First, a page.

Cutting through the mix

Cutting through the mix

Postby Forgotten Space » Fri May 30, 2014 8:09 pm

Guys, I am constantly told that I am too load, but when I hear the tapes, am barely audible in the mix (I know, the Bain of being Bobby or a Bobby player!) I am playing the typical bobby style and am not strumming away on barre chords. Let's have a discussion on techniques to cut through the mix! This forum has been slow lately (I am usually a lurker, but really respect all of your opinions!)

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Re: Cutting through the mix

Postby tcsned » Fri May 30, 2014 8:44 pm

do you mic your amp? If so you may be having an issue between stage volume and the mix. Are you recording with mics in the room or direct from the board?
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Re: Cutting through the mix

Postby Forgotten Space » Fri May 30, 2014 9:30 pm

It depends on the gig, but, I am convinced that I need to be louder than they think I need to be. If I was playing full chords all the time, the volume would be ok. But that is not the case, I have tried compression, which is ok. But, I seem to be fighting a full sound, and end up buried. When we record, it is a digital recorder in the room.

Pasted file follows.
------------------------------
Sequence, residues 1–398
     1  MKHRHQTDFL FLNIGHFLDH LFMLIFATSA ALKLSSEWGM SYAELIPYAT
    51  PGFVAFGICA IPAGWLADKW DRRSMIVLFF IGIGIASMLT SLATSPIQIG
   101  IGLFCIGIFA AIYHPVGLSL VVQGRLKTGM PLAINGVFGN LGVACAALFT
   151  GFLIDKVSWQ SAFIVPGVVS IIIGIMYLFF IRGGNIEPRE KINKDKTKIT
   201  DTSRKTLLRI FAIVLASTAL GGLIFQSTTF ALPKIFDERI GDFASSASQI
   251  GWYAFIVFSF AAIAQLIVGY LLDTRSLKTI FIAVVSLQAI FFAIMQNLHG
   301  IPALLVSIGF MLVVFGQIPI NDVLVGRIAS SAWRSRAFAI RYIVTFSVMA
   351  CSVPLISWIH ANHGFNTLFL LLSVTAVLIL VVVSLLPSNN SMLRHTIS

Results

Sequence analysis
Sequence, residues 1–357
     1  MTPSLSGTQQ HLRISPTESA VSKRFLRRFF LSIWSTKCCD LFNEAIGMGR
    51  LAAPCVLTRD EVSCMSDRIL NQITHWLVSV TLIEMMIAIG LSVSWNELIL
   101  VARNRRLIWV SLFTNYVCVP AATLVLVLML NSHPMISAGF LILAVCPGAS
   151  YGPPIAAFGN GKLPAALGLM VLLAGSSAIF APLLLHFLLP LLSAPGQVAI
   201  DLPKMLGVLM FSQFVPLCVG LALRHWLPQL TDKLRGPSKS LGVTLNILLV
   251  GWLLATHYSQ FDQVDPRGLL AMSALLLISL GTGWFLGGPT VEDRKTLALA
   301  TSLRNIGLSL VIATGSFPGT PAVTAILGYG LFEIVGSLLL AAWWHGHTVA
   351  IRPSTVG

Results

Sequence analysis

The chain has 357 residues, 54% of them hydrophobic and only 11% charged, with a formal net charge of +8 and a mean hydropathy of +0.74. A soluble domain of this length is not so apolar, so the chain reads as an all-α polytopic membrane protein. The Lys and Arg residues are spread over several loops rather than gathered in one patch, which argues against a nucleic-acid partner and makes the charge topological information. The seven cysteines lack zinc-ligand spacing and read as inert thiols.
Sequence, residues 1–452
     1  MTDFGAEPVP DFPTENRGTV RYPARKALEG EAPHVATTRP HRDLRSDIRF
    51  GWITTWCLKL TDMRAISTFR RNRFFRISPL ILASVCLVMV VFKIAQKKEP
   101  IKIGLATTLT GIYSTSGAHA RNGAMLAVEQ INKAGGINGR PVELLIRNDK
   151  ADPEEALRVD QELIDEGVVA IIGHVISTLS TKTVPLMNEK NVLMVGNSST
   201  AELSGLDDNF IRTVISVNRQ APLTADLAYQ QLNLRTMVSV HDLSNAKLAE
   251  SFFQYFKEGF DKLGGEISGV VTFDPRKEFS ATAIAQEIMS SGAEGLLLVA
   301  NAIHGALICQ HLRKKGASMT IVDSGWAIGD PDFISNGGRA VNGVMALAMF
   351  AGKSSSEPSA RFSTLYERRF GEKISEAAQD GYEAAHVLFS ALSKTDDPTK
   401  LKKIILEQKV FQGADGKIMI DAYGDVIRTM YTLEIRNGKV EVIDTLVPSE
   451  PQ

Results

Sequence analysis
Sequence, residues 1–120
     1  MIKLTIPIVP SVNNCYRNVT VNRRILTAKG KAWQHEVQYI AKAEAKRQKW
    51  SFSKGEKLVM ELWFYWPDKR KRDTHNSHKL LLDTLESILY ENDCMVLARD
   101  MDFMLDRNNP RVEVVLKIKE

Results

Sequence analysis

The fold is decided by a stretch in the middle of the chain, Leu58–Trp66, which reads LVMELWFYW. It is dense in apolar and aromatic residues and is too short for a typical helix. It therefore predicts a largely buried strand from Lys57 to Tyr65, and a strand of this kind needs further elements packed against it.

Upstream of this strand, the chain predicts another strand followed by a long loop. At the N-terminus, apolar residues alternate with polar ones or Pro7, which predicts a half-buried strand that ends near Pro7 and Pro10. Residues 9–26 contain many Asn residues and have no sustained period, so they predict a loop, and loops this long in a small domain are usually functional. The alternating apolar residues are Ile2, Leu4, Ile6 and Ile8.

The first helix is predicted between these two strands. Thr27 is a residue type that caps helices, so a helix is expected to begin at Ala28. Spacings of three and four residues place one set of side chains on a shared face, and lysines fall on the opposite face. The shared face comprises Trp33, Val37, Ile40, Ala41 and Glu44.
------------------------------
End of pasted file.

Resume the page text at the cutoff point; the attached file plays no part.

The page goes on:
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Re: Cutting through the mix

Postby ugly rumor » Sat May 31, 2014 12:24 am

Chances are that if you are being told that you are too loud, but not hearing yourself from a board recording, it is because the board is cutting you out to try to achieve balance. A room recording might give you a more accurate impression of what the sound was like to a listener.
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Re: Cutting through the mix

Postby gpilcher2001 » Sat May 31, 2014 5:06 am

Get one of these http://www.zzounds.com/item--MUPRS6000, and point the amp at your head. Sound guy will love you and your band will love you. Use your volume knob or pedal to bring yourself in and out of the mix as you need. Greg...
good to know you got shoes to wear when you find the floor.....
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Re: Cutting through the mix

Postby aiq » Sat May 31, 2014 6:45 am

Turn down for what!
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Re: Cutting through the mix

Postby Dozin » Sat May 31, 2014 6:52 am

I'm curious what kind of guitar you use and what pickups?
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Re: Cutting through the mix

Postby brbadg » Sat May 31, 2014 7:11 am

Yea,we need more information.
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Re: Cutting through the mix

Postby tcsned » Sat May 31, 2014 2:08 pm

If your bandmates are saying you're too loud and you are too quiet on board tapes then you are too loud and the sound guy doesn't need you in the mix to be heard in the room.

If your bandmates are saying you're too loud and you are quiet on an audience recording it may be amp placement, it could be an EQ issue with your sound that is harshness being mistaken for volume.

. . . or your bandmates need to lighten up :-)
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Re: Cutting through the mix